Bowler (left) and Schilling (Right) as Hank and Dagney
Some years later, John Aglialoro would acquire the rights from Leonard Peikoff, Rand’s legal heir. And to his credit, he made a darn good movie in Atlas Shrugged Pt. 1. Now the movie wasn’t perfect, but it did introduce the world to Taylor Schilling (now cast in the popular Orange is the New Black) and Grant Bowler (Now cast in the not as popular, but highly Libertarian space-epic Defiance.) The movie had its flaws, but the truth was that this movie was still good. It was worth paying to see. I had high hopes for the rest of the movies representing this classic book, but it was not to be.

Yeah, I slept through Samantha Mathis' performance too.
Atlas Shrugged Pt. 2 featured an all new cast, and while Jason Beghe did a serviceable job as Hank Reardon, he wasn’t as good as Grant Bowler’s knock out performance. Samantha Mathis was abysmal as Dagney Taggert. Still, the movie had its moments. There were some very well delivered speeches which caused my wife and I and the two other people in the theater to cheer. It was enough that I didn’t mind buying it when it hit blu ray.

Now we’re on to the third part. I wish Atlas Shrugged Part 3 had never been made. I truly do. I had serious doubts that the movie producers could deliver the vision Rand had for this third part, which involved a freedom loving, high tech metropolis, pirate raids, and a doomsday weapon manufactured by the government. Nevertheless, John Aglialoror kept assuring people this movie would be awesome, and it would improve upon the second one. I had expected that we would be back to form with this entry. Moreover, the news that Laura Regan, who had at least appeared in a larger budget film as the younger Audrey in Unbreakable, was replacing the craptacular Samantha Mathis gave me some hope that at least Dagney would be capable of emoting again.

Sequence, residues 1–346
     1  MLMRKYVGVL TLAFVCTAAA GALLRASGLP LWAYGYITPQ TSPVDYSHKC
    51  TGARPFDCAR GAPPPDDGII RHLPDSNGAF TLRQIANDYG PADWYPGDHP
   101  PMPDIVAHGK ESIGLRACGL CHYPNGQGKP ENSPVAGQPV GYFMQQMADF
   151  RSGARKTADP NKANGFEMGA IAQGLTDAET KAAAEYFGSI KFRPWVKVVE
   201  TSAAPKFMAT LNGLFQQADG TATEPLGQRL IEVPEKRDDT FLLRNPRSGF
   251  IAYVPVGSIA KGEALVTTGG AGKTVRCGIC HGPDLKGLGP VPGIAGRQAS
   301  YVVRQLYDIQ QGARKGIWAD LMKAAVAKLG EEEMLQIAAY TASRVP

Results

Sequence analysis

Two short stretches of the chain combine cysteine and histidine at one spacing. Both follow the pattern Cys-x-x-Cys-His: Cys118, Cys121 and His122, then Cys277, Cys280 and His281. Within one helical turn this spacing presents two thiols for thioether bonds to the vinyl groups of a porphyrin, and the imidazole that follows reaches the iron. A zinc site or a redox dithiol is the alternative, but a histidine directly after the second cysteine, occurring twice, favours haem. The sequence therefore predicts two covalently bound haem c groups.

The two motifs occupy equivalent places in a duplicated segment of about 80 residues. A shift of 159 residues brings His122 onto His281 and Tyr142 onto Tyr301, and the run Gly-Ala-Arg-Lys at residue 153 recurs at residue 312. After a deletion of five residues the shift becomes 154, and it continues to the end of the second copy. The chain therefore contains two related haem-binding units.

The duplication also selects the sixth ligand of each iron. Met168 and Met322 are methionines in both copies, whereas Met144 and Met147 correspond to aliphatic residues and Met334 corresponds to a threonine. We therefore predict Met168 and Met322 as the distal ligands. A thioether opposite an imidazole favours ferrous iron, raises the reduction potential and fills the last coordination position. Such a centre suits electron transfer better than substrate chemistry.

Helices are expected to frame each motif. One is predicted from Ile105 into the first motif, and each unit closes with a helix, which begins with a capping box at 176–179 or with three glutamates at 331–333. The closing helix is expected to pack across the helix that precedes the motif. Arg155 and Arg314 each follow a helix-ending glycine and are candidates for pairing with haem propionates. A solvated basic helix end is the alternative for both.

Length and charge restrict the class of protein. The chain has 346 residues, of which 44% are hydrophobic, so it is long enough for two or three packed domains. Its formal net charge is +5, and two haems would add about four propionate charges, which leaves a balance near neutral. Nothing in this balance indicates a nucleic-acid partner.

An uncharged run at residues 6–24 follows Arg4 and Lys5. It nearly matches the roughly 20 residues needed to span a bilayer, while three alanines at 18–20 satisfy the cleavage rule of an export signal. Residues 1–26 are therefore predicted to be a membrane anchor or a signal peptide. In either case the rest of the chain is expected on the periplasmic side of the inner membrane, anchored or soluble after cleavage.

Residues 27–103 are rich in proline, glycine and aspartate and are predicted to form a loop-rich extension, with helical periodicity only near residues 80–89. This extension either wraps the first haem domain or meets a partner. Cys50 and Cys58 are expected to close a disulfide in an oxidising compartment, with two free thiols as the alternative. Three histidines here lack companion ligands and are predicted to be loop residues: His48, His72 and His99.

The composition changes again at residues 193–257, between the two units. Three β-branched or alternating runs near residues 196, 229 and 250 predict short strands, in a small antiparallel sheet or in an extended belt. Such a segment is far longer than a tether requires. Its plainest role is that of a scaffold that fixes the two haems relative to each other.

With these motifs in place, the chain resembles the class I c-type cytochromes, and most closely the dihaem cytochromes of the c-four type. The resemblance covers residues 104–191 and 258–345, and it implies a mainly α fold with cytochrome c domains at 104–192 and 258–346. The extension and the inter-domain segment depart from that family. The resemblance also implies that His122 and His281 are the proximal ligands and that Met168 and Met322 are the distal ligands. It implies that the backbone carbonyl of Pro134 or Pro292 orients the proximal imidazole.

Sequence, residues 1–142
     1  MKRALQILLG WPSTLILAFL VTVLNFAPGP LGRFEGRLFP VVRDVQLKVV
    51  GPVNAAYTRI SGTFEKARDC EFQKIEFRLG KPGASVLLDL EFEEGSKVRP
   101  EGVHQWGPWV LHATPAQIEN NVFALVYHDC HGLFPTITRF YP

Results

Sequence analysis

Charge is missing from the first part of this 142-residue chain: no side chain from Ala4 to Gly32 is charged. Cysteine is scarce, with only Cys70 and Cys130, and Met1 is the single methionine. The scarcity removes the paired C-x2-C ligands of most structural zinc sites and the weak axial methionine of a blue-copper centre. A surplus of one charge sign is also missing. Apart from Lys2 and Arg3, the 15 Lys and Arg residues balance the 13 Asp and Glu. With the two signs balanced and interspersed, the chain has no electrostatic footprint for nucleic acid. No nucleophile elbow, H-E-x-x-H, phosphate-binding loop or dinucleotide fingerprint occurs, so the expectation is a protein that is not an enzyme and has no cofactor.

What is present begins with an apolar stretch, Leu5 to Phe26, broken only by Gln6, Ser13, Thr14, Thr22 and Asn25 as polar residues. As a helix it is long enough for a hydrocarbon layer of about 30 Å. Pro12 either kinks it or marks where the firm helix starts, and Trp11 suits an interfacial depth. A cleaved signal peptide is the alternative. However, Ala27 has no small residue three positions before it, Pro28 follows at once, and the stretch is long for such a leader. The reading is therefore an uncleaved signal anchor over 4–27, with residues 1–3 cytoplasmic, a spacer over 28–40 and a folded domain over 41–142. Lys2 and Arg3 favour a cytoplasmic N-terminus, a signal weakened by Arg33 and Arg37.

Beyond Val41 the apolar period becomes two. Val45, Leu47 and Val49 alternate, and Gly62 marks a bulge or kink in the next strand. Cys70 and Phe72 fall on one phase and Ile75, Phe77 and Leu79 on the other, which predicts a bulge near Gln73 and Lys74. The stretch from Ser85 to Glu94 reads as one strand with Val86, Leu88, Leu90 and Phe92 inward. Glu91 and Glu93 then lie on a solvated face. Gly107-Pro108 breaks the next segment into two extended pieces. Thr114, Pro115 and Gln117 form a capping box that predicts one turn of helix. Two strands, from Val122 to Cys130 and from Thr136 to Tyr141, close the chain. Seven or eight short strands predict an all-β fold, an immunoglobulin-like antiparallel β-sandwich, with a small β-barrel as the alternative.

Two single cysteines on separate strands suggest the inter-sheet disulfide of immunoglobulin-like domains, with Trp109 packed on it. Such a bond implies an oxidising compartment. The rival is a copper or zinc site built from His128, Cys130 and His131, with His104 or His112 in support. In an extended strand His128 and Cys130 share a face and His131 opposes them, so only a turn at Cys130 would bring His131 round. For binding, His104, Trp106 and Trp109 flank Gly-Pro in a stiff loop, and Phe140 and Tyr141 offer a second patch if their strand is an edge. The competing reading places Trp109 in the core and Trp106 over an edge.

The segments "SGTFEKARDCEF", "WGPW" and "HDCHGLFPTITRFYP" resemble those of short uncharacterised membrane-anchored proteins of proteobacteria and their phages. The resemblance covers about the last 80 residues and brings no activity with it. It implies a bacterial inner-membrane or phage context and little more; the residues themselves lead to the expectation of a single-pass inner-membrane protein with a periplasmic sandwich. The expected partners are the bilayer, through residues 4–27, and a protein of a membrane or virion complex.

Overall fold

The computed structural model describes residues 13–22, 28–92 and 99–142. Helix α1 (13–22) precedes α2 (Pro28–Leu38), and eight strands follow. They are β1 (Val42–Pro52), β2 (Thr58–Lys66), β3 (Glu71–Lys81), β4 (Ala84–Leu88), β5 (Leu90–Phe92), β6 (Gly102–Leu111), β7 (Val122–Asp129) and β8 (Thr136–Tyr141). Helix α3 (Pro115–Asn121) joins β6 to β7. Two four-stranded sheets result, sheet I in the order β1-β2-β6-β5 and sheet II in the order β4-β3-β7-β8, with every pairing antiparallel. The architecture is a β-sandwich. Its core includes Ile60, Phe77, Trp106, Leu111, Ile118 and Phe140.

Laura Regan proved that you could do worse than Samantha Mathis. This woman looks to be about
"Umm, John Boy, what was my line again?"
as old as Samantha Mathis, when Dagney should be a great deal younger (Taylor Schilling). Moreover, here she is playing a wealthy woman, and yet her shampoo is so cheap that her hair is dryer than the West Desert. Not to mention broken out into all kinds of split ends.